Tokyo – With angry red eyes that never blink and teeth made for snoring, Godzilla stands sentry outside the window of my hotel room, where I’m being interned by Olympic bureaucrats who decided that sprinters It was a hilarious idea to invite swimmers. Skateboarders in Japan from around the world amid a COVD-19 pandemic that has killed more than four million people.
If they award medals for greed, arrogance and absurdity, International Olympic Committee President Thomas Bach will win gold, silver and bronze. Bach insisted “cancellation was never an option” for the Games of the XXXIInd Olympiad, despite the looming threat of the delta version and heavy opposition to the event from good people in Japan.
All we can do is ponder whether these games should have run into a hot minute after a year-long delay. But first, will it be okay if I make a confession in person? After three days and three nights under COVID quarantine imposed by Olympic officials, with any competitor more concerned about securing funding from broadcast rights than health risks, I harbor tender feelings for that giant lizard. who is watching me 24/7.
I’d call it the Stockholm syndrome, except Godzilla and I are stuck together in Tokyo, where the bed frames in the athletes’ village are made from cardboard to discourage the hunky-punky, but Bach and the IOC brass have told local organizers A bill is affixed to the extent that more than $20 billion will be spent to organize the event in about 20 vacant places where spectators will not be allowed.
It’s weird to even make absurdity. But the COVID fears in Japan are in every way real and over-sized, as I have every morning, afternoon and night since checking into a room on the 13th floor at the Shinjuku Prince Hotel with a 40-foot-tall statue of Godzilla’s head have seen. At 4:03 a.m. on Monday, after more than 12 hours of detention at Narita Airport, accompanied by a group of goofballs who would fit right in with Obi-Wan Kenobi at Mos Eisley Cantina.
This is my 12th trip to the Olympics. I admit to being a sucker for the whole crazy spectacle. But my arrival at Tokyo airport had never felt like a circus. No one in charge cared, or even checked, to find out if I had a Johnson & Johnson vaccination topped by a Pfizer booster. It didn’t matter that I did a clean test for COVID twice in the last four days.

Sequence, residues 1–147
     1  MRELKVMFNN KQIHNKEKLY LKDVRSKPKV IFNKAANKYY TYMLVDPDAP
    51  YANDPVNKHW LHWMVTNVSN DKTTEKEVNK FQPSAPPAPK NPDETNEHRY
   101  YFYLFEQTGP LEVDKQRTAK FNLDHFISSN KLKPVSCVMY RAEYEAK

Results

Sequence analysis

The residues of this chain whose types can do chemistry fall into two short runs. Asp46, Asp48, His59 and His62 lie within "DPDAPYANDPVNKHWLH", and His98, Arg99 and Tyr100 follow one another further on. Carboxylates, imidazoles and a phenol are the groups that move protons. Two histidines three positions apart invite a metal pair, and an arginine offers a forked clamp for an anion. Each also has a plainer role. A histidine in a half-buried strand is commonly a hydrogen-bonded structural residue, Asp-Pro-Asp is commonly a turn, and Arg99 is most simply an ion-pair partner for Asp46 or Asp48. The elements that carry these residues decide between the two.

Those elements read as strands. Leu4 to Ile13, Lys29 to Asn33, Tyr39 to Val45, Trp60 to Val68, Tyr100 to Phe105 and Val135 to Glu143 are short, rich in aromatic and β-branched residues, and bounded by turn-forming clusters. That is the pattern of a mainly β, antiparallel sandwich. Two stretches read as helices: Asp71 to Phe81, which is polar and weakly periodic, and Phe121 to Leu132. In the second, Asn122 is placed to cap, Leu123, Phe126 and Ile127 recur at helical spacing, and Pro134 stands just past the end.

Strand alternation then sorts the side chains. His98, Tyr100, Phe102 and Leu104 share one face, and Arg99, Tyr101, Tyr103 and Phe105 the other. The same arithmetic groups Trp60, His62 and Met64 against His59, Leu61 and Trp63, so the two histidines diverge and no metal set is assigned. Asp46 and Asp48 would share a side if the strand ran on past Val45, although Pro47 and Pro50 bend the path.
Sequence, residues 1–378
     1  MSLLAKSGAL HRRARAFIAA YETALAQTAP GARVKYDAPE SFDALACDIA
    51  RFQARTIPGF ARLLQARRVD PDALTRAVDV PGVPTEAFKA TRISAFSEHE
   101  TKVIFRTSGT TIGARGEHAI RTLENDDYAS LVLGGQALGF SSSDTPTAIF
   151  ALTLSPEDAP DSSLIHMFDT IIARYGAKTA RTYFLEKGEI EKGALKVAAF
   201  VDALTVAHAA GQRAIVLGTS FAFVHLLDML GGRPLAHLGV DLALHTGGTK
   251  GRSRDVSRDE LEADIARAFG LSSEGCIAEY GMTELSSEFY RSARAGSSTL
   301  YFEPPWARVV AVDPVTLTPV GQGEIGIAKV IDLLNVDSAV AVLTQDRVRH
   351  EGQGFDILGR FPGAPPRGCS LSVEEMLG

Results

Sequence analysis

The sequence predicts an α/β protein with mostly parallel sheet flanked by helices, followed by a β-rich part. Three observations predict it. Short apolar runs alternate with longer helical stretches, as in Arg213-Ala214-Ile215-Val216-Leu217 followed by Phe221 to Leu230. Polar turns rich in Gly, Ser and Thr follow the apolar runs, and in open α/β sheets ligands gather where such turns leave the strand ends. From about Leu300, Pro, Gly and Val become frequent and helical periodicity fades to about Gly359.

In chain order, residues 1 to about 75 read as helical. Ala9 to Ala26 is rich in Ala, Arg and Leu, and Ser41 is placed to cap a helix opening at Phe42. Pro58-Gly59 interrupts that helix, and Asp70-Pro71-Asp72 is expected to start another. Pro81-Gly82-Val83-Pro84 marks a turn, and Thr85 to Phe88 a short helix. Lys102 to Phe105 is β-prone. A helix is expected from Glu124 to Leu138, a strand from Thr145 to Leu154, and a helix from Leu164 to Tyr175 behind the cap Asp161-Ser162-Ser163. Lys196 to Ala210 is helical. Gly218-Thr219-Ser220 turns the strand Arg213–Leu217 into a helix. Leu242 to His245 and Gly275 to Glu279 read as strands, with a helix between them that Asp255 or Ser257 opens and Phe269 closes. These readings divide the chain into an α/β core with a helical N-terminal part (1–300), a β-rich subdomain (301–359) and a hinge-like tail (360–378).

Me and two Canadian journalists were asked to sit in the corner on folding chairs in red tape from the time our flight landed at 2:30 until midnight. We lacked the official, rubber-stamp approval of a solemn oath required by the Japanese government that ink-stained lows like me would refuse the temptation to wander through natatoriums and skateboard parks to sing karaoke with the locals. It’s far from me to burst the Olympic bubble of Tokyo officials, but they’ll have an easier time putting the genie back in the bottles than stopping sports journalists from taking out a few bottles of beer after work.
As the clock went from Sunday night to Monday morning and I asked if there was a place where we could sleep or at least drink water, a bureaucrat working for the Summer Games offered a deal. Which of late, could have made a great Monty Hall blush. Option A: Sign a document that can compel us to quarantine in our hotel rooms for 14 days. Option B: Hand over $800 (Canadian) dollars and crouch in our chairs until they get us a flight to North America.
Yes it felt like a cheap hustle. But I laughed out loud at the absurdity of all this. My choice in the matter proved easy, especially when another representative of the Tokyo organizing committee approached and made a suggestion: “If I were you, I would sign the papers and then ignore the quarantine order.”
Such words of advice resonated, because if bending the rules doesn’t define the Olympic spirit, what does?
The abundance of caution regarding COVID-19 in Tokyo, where a state of medical emergency has been declared until the end of the Games, is understandable, even if it seems a bit strange to a visitor to Colorado looking directly at Shohey. Japan had arrived. Ohtani pitched and hit the All-Star Game with his nearly 49,000 new best friends packed into the stands of Coors Field.
In the United States, which has a population of 328 million. There have been nearly 625,000 COVID-related deaths, 40 times the number of deaths from the pandemic compared to Japan with a population of 126 million. On any given day this summer, for Colorado, with a population of just under 6 million, it has not been unusual to see more people die of COVID than the entire country of Japan.
In America, it’s probably a silly notion that we’ve defeated the pandemic. But is it worse than the COVID paranoia in Japan, where there is a sign of panic in the street?
So here we are, me and Godzilla, at a sporting event Japan doesn’t really want, but should move on.
No one said games have to be fun. But with all the money at stake, the monster must be fed.